No one wants to accept an opponent’s policies. But what if those policies come from an apparent outsider: from someone with no business leading our country? That’s unprecedented in American history, and that’s why the right despises the President more than any opposition has since the Civil War.

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© 2015 by David W. Tollen. All rights reserved.

European Antisemitism Isn’t Back

February 20, 2015

Islamist attacks on Jews have triggered repeated warnings about the return of antisemitism to Europe. Benjamin Netanyahu recently capitalized on the concern by suggesting European Jews flee to Israel. One American commentator went so far as to invoke Hitler’s last will and testament, suggesting the Nazi dictator’s ideology has come back far faster than Hitler himself predicted. But do these terrorist attacks really return Europe’s Jews to the dangers of the Nazi era, or to the antisemitism of Europe’s last few centuries? No. Read more…

Did Ancient Semites Father the Germanic Languages?

January 9, 2015
Could Sigurd, the legendary Germanic hero, have been a Phoenician?

Could legendary heroes of the Germanic people have been Phoenicians?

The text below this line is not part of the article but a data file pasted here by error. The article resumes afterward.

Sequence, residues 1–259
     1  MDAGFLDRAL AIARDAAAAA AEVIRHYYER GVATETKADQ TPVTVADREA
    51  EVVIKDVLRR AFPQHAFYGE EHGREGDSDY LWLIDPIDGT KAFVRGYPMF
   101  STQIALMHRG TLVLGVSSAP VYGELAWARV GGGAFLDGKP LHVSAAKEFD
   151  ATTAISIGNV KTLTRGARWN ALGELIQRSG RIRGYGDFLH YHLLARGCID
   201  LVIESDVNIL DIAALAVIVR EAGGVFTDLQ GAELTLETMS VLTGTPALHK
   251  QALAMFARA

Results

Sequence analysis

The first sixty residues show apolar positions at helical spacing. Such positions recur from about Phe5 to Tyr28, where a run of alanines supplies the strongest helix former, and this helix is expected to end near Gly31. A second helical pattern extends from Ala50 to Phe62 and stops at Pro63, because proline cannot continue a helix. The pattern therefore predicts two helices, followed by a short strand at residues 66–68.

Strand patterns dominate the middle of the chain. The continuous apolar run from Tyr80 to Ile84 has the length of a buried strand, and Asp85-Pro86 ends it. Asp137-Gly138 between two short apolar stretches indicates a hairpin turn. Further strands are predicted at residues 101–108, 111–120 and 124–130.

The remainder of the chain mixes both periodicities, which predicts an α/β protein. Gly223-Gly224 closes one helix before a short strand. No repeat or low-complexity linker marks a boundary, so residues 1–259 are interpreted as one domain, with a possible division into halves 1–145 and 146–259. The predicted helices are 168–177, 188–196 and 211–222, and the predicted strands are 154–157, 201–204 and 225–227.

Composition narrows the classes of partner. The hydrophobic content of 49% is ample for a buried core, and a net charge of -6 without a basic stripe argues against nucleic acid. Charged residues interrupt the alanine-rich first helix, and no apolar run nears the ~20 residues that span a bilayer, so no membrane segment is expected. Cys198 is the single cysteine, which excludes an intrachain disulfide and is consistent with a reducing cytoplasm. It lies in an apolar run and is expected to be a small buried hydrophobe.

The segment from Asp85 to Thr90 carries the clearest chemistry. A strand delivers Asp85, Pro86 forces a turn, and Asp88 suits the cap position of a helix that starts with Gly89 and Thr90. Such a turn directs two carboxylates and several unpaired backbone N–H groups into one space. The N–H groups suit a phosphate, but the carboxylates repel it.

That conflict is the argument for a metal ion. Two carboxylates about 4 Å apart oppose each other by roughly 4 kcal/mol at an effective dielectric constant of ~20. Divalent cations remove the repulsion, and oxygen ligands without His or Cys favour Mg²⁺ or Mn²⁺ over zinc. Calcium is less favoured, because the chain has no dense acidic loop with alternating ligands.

German, English, Swedish, and the other Germanic languages belong to the Indo-European family, but they’re odd members. They and Proto-Germanic, their common grandparent, have a lot of vocabulary and grammar utterly unlike other Indo-European languages. Rather, it resembles Semitic languages, like Hebrew and Arabic. That suggests a fascinating lost history, with civilized Middle Easterners setting up camp among the primitives of northern Europe’s great forests. Read more…

America’s Enemies Already Knew

December 12, 2014

Wolf Blitzer asked Senator Feinstein whether she’d feel guilty if the enhanced interrogation report led to American deaths. Many Republicans have made the same point: our enemies will now torture and kill our soldiers.

Their assumption is wrong. Our enemies already know we tortured their men. It’s a poorly kept secret, and our enemies don’t trust American democracy so much that they won’t accept clams of torture without proof. The report doesn’t reveal the truth to our enemies but rather to us: to the American people who still doubted the government of George Washington and Abraham Lincoln would torture.

Torture

December 10, 2014

Every tyrant throughout all history could argue that torture prevented war, stopped terrorism, or otherwise saved lives. That’s not the point.

None of us is safe under a regime that uses enhanced interrogation — under a government that tortures.

The Walking Dead: A Tour of Prehistory

December 9, 2014

The Walking Dead offers some good prehistory. In the show’s post-apocalyptic world, humanity returns to the key life stages of our prehistoric past: [SPOILER ALERT for Seasons 1-5!] Read more…

Cheddar Man’s Family

December 7, 2014

Scientists call Britain’s oldest complete skeleton “Cheddar Man.” He lived around 7150 B.C.E., when forest covered Britain and antelope roamed, along with wild horses. Cheddar Man’s people were hunter-gatherers, and they ate the antelope and horses — along with each other, most likely. Butcher marks on his skeleton suggest someone carved him up, possibly after murdering him. Read more…